[ Footnote 3 ]
The original plaintiff, Zimmer, was allowed to withdraw from the case.
[ Footnote 4 ]
Zimmer v. McKeithen, 467 F.2d 1381 (CA5 1972).
During pendency of the appeal in the court below, the District Court purported to withdraw its order approving the at-large plan and to substitute in its stead a complex redistricting plan submitted by intervenor Marshall. The Court of Appeals vacated the order on the ground that, when the appeal was filed, the District Court lost jurisdiction over the case. Id. at 1382.
[ Footnote 5 ]
Zimmer v. McKeithen, 485 F.2d 1297 (CA5 1973).
[ Footnote 6 ]
The Government has filed an amicus brief, in which it argues that the preclearance procedures of § 5 of the Voting Rights Act of 1965 must be complied with prior to adoption by a federal district court of a reapportionment plan submitted to it on behalf of a local legislative body that is covered by the Act. This issue was not raised by the petitioners, nor did respondent file a cross-petition. In any event, we agree with the Court of Appeals, Zimmer v. McKeithen, 467 F.2d at 1383; Zimmer v. McKeithen, 485 F.2d at 1302 n. 9, that court-ordered plans resulting from equitable jurisdiction over adversary proceedings are not controlled by § 5. Had the East Carroll police jury reapportioned itself on its own authority, clearance under § 5 of the Voting Rights Act would clearly have been required. Connor v. Waller, 421 U. S. 656 (1975). However, in submitting the plan to the District Court, the jury did not purport to reapportion itself in accordance with the 1968 enabling legislation, see n 2, supra, and statutes cited therein, which permitted police juries and school boards to adopt at-large elections. App. 56. Moreover, since the Louisiana enabling legislation was opposed by the Attorney General of the United States under § 5 of the Voting Rights Act, the jury did not have the authority to reapportion itself. See n 2, supra; Tr. of Oral Arg. 13-14, 31-32, 43-44. Since the reapportionment scheme was submitted and adopted pursuant to court order, the preclearance procedures of § 5 do not apply. Connor v. Johnson, 402 U. S. 690 , 402 U. S. 691 (1971).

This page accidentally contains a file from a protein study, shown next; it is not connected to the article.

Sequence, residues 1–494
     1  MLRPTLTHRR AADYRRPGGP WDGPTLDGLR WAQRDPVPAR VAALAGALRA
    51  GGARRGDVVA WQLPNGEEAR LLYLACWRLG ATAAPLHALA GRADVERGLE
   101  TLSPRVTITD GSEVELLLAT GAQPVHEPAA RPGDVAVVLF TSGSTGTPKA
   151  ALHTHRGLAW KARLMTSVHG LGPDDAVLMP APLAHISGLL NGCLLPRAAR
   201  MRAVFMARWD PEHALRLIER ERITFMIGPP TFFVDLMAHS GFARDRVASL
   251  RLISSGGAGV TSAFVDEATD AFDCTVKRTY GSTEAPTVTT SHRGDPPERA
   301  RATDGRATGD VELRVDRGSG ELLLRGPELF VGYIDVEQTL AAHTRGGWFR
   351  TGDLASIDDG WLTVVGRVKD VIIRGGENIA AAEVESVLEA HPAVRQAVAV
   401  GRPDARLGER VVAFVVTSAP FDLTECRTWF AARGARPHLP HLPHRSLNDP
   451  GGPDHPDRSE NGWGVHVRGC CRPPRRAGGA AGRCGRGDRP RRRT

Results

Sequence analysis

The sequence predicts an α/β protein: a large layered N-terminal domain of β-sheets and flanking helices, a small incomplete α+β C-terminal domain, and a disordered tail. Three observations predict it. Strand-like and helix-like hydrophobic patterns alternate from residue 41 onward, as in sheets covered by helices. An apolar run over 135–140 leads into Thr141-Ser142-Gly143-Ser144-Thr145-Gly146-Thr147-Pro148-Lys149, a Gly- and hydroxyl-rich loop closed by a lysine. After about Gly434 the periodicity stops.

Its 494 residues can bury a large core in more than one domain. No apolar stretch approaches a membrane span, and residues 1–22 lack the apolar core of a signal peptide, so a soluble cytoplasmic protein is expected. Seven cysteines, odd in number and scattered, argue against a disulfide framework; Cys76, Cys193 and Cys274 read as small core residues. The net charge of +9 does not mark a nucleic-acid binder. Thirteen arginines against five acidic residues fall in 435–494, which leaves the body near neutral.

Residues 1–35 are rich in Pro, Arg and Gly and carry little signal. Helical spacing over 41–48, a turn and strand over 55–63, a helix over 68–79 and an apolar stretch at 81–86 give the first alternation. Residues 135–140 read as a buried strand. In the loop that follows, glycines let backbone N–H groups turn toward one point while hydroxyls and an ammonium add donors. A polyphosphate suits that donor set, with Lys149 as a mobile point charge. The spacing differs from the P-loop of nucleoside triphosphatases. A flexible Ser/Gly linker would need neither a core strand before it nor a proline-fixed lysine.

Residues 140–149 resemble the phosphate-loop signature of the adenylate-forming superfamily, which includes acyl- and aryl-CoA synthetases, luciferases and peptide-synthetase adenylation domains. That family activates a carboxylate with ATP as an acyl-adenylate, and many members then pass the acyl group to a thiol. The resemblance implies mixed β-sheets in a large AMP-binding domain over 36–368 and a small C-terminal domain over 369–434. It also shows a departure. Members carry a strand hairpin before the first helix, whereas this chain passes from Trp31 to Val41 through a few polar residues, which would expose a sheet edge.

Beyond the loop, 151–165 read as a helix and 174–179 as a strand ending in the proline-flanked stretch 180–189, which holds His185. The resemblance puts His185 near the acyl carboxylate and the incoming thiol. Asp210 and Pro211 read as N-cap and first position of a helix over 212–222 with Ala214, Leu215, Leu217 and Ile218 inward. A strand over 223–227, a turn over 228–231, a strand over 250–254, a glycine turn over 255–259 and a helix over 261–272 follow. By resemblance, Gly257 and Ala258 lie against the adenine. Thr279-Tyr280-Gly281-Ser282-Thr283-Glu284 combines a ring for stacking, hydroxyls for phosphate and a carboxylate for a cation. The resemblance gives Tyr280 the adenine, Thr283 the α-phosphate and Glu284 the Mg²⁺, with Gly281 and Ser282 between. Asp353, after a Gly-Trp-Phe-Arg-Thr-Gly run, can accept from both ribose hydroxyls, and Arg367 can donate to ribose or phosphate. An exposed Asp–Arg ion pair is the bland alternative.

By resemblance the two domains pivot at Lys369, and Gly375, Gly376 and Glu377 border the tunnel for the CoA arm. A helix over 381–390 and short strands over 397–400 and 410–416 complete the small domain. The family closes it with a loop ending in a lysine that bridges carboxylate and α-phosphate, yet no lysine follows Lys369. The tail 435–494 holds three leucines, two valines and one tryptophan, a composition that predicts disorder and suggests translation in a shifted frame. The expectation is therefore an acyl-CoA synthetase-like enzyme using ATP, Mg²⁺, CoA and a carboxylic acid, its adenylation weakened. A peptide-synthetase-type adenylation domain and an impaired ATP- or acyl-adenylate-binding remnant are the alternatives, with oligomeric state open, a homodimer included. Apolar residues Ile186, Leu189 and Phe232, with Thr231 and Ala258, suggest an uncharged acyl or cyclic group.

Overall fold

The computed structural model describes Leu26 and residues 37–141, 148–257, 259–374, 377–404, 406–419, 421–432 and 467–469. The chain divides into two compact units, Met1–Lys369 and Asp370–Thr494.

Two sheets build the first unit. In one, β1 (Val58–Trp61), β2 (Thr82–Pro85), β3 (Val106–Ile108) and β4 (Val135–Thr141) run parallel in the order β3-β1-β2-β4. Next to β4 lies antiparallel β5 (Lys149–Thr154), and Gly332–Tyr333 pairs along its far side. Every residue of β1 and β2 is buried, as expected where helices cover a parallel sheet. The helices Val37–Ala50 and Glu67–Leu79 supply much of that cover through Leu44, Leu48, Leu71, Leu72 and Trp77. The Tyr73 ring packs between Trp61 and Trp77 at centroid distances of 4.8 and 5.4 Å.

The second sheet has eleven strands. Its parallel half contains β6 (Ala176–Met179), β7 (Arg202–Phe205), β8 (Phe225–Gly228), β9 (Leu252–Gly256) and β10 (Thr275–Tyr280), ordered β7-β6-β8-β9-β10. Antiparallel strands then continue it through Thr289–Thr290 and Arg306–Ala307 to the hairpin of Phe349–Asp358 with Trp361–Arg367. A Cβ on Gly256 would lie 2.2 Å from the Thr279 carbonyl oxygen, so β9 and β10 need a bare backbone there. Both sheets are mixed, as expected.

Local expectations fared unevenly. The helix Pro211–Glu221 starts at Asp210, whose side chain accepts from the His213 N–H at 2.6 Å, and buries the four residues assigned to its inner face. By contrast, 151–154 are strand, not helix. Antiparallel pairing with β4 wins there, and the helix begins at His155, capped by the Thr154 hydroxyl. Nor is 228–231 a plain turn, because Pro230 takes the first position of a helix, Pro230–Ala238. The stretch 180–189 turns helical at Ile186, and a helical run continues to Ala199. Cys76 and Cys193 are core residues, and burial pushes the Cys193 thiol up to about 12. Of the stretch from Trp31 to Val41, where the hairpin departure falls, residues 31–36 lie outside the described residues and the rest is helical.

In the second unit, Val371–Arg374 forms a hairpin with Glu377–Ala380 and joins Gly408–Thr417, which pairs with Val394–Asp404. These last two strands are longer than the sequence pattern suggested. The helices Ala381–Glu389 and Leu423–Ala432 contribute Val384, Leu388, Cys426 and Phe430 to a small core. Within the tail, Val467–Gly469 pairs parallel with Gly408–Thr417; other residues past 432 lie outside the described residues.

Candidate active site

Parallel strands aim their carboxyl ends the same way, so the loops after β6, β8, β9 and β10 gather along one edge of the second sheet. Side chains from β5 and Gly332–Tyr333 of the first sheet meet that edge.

MR. CHIEF JUSTICE BURGER, concurring.
I consider it unnecessary to reach the question discussed,
424 U. S. 638
-639, n. 6. It was, as the Court observes in
6, "not raised by the petitioners, nor did respondent file a cross-petition." The scope of § 5 of the Voting Rights Act is an important matter, and I would not undertake to express any view on what the Court discusses by way of dicta in n. 6.